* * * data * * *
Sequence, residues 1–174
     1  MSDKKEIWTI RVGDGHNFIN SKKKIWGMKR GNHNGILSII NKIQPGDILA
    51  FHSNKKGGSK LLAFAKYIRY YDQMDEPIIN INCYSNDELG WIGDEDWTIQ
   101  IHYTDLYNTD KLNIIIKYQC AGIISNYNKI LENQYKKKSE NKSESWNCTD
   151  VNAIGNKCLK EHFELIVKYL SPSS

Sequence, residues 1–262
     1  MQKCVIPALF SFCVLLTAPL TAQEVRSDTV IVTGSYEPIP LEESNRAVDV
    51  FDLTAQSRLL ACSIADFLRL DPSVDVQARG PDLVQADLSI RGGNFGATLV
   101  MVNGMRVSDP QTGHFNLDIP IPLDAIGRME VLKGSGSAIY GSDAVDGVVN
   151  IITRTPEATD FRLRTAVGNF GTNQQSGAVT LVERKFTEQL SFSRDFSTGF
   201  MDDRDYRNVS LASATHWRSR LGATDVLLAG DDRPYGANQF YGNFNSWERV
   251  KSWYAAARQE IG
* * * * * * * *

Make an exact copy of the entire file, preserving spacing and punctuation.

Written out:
Sequence, residues 1–174
     1  MSDKKEIWTI RVGDGHNFIN SKKKIWGMKR GNHNGILSII NKIQPGDILA
    51  FHSNKKGGSK LLAFAKYIRY YDQMDEPIIN INCYSNDELG WIGDEDWTIQ
   101  IHYTDLYNTD KLNIIIKYQC AGIISNYNKI LENQYKKKSE NKSESWNCTD
   151  VNAIGNKCLK EHFELIVKYL SPSS

Sequence, residues 1–262
     1  MQKCVIPALF SFCVLLTAPL TAQEVRSDTV IVTGSYEPIP LEESNRAVDV
    51  FDLTAQSRLL ACSIADFLRL DPSVDVQARG PDLVQADLSI RGGNFGATLV
   101  MVNGMRVSDP QTGHFNLDIP IPLDAIGRME VLKGSGSAIY GSDAVDGVVN
   151  IITRTPEATD FRLRTAVGNF GTNQQSGAVT LVERKFTEQL SFSRDFSTGF
   201  MDDRDYRNVS LASATHWRSR LGATDVLLAG DDRPYGANQF YGNFNSWERV
   251  KSWYAAARQE IG